Riding on the lyrical beauty and power of the songs inspired by mother nature, the music industry has raked in around $600 million since 2003, a Trinity College Dublin study reveals.
"Ecosystems have always inspired human beings and references to these are present in ancient and contemporary cultures," said lead author Luca Coscieme.
Lakes, rivers and forests topped the charts with more than 200,000 titles each, followed by tundra, grasslands and deserts, which all inspired more than 100,000 titles, the study said.
Coral reefs, seas, beaches and bays stand in the middle of the chart, each of them scoring in between 15,000 and 70,000, whereas seagrasses were much less popular.
The researchers found that 1.37 million songs held in AllMusic.com's 30-million-strong database took their inspiration from our ecosystems.
Between the years of 2003 and 2014, each of these songs was downloaded, on average, 350 times.
At $1.20 a pop - the average cost of an iTunes download - that adds up to $600 million. And that almost certainly underplays the real contribution as the ecosystem keywords used in the analysis did not include popular species or groups of animals, such as birds.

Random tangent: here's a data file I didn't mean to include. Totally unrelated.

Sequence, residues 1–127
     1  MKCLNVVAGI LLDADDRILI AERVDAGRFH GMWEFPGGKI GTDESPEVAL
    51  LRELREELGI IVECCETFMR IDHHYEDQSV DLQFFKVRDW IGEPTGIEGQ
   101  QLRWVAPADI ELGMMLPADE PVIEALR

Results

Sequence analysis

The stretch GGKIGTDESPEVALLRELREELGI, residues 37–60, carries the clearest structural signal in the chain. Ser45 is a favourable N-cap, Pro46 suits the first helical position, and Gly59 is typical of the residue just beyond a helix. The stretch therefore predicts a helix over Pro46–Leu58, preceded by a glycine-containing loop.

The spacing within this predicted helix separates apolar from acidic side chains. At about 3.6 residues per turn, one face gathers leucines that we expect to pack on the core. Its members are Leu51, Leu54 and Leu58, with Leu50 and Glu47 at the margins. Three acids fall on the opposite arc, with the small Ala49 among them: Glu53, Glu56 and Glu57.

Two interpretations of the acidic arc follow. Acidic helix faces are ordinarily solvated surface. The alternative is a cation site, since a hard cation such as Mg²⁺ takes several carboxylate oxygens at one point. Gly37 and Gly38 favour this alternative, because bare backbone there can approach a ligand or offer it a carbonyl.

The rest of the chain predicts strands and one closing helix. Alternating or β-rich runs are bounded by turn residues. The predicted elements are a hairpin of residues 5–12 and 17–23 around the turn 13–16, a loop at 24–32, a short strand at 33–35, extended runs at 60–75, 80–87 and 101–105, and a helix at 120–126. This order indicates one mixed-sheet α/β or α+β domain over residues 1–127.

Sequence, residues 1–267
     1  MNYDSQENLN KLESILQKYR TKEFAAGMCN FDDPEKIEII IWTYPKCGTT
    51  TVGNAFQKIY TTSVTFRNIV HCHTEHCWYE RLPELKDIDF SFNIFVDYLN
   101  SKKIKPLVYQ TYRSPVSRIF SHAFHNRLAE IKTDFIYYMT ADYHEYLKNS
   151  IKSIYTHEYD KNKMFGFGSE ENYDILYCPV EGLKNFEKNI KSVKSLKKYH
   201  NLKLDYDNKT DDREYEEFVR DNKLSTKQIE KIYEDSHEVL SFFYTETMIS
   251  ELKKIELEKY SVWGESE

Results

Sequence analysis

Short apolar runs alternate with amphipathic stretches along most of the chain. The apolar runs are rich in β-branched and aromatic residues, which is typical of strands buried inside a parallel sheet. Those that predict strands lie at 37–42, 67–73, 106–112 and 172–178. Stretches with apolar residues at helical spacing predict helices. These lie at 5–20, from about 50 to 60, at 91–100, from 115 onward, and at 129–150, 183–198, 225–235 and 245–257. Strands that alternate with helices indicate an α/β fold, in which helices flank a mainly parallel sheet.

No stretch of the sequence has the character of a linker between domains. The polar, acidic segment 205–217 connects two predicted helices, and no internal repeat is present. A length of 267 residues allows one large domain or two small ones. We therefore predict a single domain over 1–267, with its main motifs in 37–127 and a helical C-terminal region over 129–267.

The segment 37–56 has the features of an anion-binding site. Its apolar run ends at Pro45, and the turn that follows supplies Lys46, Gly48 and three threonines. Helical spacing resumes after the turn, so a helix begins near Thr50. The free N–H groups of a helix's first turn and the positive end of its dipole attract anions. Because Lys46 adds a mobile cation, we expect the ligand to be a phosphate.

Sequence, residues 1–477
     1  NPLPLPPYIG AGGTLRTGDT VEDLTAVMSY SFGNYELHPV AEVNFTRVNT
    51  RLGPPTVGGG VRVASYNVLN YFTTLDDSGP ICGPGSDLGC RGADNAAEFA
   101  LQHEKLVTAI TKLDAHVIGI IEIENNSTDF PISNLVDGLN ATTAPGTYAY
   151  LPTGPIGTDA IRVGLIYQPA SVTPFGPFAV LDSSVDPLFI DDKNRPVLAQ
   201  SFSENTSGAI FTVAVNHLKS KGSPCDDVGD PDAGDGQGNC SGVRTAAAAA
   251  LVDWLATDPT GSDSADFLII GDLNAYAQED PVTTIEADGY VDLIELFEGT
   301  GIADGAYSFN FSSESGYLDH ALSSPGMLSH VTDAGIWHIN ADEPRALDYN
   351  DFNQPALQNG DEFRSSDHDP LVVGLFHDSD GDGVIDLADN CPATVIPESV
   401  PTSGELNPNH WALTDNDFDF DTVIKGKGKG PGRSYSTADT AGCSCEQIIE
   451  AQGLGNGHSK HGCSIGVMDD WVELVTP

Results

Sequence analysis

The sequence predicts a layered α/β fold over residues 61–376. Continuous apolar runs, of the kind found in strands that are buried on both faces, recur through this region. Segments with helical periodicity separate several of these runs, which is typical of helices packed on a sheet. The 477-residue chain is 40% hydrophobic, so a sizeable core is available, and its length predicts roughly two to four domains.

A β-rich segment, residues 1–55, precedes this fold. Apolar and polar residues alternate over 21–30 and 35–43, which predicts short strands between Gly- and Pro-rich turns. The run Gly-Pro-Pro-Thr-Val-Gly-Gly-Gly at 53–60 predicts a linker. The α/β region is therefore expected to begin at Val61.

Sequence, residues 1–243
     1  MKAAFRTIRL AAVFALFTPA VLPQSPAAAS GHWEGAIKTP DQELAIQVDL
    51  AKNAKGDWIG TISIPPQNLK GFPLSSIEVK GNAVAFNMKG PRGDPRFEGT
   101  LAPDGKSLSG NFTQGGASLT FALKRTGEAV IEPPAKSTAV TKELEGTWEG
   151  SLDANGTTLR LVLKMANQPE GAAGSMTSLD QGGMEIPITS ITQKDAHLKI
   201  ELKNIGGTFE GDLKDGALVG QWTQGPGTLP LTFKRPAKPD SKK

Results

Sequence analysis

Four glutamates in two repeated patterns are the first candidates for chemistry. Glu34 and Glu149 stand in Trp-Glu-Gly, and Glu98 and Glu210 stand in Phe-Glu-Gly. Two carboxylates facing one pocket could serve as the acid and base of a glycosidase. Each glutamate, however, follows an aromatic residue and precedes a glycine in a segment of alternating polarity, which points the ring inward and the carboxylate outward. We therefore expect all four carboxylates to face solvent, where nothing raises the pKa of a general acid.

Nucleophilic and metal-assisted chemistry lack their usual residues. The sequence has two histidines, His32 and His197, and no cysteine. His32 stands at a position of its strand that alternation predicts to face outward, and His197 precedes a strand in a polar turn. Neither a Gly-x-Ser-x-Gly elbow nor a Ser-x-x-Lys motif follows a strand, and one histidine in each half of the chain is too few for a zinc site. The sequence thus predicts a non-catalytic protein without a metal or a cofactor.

"We are aware that nature and its ecosystems provide us with services, which confer huge financial benefits for society."
"Their aesthetic benefits are often discussed too. But what we are discovering with analyses such as these is that their cultural value actually puts dollars in our pockets," Coscieme said.
"It's also really cool to think that anyone listening to one of these songs is being touched in some way by nature, even if they don't necessarily know it," he added.
The study was published in the journal Ecosystem Services.
Lakes, rivers and forests topped the charts with more than 200,000 titles each, followed by tundra and deserts.